June 20th, 2010


Old music ...

So, Daughter #2 wants to learn to play violin, and The Wife has gotten her lined up with some classes this summer. One of my tasks last week was to run her over to this place which rents string instruments and get her set up with one. Fortunately I'd been walking around with the cash payment from re-writing the copy on this one small agency's site for a couple of months, and had cash-in-hand as the guy there didn't take plastic (things keep sinking closer and closer to a barter economy!).

Anyway, that's the set-up to what I'm actually here to blither about this morning (aside from the fact that I'm up and The Girls aren't, delaying what ever Fathers Day events that have been planned). On the way over to the violin place, I was regaling #2 with stories of Papa John Creach and the possibilities of "rock&roll fiddle" ... then telling her that I'd pull out the appropriate CDs and let her listen to same.

Uh-oh. It appears that I only have Bark and Long John Silver on vinyl ... which is buried within my Mayan-esque storage/filing system here, and would require Major Efforts to extract. So, off I go to Amazon to see what the new/used guys have going for these Jefferson Airplane classics. WHUH? The cheapest available copy of Bark was $27.77 and that was just for a "good" copy! There was also an import which had both albums in a dual-release edition but that was only available used for $29.99 ... not exactly the price range I was looking for.

Amazon has new copies of the remastered version of Long John Silver pretty much at list ($22.98), but that at least has "new" versions from the new/used guys for as little as $6.28 (I'll probably grab that for her). But for Bark ... dunno what to do. I've never bought an "MP3 Album" before so wouldn't have a clue of what to do with the songs ... how is that "delivered"? Just as a download of the individual files? Are those transferable between systems? I've totally steered clear of digital content due to the piracy issues (once you've been in Publishing you take Intellectual Property very seriously), and really don't have a clue what the dynamics of that runs on the "legitimate" side of things!

Daughter #2 has an MP3 player, and I'm assuming that she would be OK of having an album just in digital (unlike her Dad, who can't really picture either Bark or Long John Silver without the cool stuff that came with the original albums ... that would be like getting Alice Cooper's School's Out without the panties!), but I "have issues" with paying $9.99 for just the files without physical media.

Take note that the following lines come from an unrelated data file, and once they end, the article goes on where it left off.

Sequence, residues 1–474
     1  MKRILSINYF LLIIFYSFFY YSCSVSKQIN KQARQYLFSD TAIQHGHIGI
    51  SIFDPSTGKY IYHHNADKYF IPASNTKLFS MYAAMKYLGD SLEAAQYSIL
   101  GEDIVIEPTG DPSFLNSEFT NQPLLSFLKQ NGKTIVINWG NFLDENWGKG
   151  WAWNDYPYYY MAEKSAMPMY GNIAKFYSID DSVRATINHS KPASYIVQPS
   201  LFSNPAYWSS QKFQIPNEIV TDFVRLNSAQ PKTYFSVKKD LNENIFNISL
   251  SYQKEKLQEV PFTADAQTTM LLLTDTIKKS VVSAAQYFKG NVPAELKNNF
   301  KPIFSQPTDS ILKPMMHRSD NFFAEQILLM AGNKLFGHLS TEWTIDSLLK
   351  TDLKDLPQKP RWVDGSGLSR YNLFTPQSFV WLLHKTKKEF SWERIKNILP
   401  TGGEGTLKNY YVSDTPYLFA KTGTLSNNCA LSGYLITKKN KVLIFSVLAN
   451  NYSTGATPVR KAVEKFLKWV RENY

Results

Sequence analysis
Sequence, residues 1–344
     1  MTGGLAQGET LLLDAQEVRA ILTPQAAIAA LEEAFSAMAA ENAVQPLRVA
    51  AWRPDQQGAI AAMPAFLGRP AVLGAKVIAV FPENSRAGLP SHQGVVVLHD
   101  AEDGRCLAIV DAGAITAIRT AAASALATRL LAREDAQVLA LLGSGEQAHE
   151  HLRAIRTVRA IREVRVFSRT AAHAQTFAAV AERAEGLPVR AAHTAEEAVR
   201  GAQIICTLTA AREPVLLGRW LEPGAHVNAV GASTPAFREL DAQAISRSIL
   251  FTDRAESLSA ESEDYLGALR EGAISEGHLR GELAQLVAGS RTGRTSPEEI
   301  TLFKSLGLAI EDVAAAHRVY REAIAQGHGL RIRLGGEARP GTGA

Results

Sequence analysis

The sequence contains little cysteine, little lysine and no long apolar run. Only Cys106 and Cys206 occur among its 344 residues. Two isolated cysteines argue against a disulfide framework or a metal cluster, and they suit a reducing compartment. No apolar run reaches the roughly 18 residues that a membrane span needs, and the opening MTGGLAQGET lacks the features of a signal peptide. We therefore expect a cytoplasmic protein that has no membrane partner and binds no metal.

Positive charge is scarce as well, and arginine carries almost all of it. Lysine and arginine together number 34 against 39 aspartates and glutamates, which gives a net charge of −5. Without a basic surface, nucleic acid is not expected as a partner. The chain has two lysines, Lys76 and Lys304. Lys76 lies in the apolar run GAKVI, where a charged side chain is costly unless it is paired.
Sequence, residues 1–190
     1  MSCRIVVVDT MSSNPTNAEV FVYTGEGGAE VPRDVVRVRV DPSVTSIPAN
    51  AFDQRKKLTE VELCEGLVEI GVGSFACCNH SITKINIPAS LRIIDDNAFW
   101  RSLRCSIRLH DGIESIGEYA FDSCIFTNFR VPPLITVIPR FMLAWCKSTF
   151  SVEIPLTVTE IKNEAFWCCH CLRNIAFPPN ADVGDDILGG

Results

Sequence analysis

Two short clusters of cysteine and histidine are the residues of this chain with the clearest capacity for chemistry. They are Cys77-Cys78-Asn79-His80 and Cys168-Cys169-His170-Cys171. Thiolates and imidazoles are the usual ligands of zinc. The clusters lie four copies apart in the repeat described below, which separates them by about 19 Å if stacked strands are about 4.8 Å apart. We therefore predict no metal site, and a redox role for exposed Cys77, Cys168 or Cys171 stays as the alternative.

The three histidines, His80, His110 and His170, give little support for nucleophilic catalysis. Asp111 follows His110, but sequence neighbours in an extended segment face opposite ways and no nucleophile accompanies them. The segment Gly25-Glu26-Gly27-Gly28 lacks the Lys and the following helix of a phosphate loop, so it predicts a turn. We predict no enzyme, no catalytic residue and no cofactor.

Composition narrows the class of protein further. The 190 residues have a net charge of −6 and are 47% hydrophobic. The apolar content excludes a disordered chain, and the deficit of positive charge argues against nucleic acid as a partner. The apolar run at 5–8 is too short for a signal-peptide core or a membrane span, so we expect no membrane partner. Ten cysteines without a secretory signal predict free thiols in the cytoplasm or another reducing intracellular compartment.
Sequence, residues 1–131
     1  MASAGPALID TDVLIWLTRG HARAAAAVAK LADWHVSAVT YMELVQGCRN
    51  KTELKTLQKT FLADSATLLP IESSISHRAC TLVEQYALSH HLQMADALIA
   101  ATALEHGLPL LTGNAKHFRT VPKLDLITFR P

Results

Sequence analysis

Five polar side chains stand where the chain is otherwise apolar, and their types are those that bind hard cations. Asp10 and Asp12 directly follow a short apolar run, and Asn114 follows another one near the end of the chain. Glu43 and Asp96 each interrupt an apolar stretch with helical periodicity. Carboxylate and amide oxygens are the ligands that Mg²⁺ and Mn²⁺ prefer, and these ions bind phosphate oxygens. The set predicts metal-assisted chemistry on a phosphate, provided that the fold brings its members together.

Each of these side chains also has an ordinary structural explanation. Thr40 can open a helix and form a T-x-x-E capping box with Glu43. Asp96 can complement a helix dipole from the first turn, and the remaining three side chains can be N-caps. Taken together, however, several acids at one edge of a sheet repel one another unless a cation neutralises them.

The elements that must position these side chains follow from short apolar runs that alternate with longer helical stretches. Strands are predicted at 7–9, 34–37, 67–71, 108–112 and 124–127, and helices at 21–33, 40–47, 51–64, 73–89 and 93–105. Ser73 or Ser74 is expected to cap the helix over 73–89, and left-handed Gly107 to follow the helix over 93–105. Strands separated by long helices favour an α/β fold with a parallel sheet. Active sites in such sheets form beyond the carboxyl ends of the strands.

Anyway ... as you may have noticed this was yet another The Job Staker entry ... this featuring the latest "book feature" as per the graphic ===> over there. Since these (as opposed to "author interviews") just feature me talking about my reviews, and since you've already read the reviews (yeah, I know, it's right up there with the Tooth Fairy, but I try to believe that somebody's reading), there's not much new for you to enjoy, but a "courtesy click" is always appreciated (especially if your ISP is in the "Chicago Market" which would then net me a whopping half a cent from the Tribune!).

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I Tweet therefore I am ...

I had Shel Israel's Twitterville: How Businesses Can Thrive in the New Global Neighborhoods on my “to read” list since hearing him speak at the Social Media Club of Chicago's meeting last fall. As regular readers know, I'm an avid Twitterer, and have been “following” Shel (@ShelIsrael) since that presentation. I did, however, wait to pick up a copy of his book until it had come down to my “price point” via the Amazon new/used vendors (sorry Shel!), at which point I snapped up a copy.

Twitterville is an odd sort of book, one that's sort of between genres. Israel's background is in journalism, and one one level, this reads like the stories of a “beat writer” assigned to the virtual locale of Twitterville ... these are the stories of the 140-character city, that Twitterin' Town. It starts with an American imprisoned in Egypt, whose furtive tweets to home unleashed a viral tide that managed to get usually slow-to-turn wheels of government to spin into actions that had him soon freed. This was the event that grabbed Shel's attention to the world of Twitter, and focused his attentions on its neighborhoods.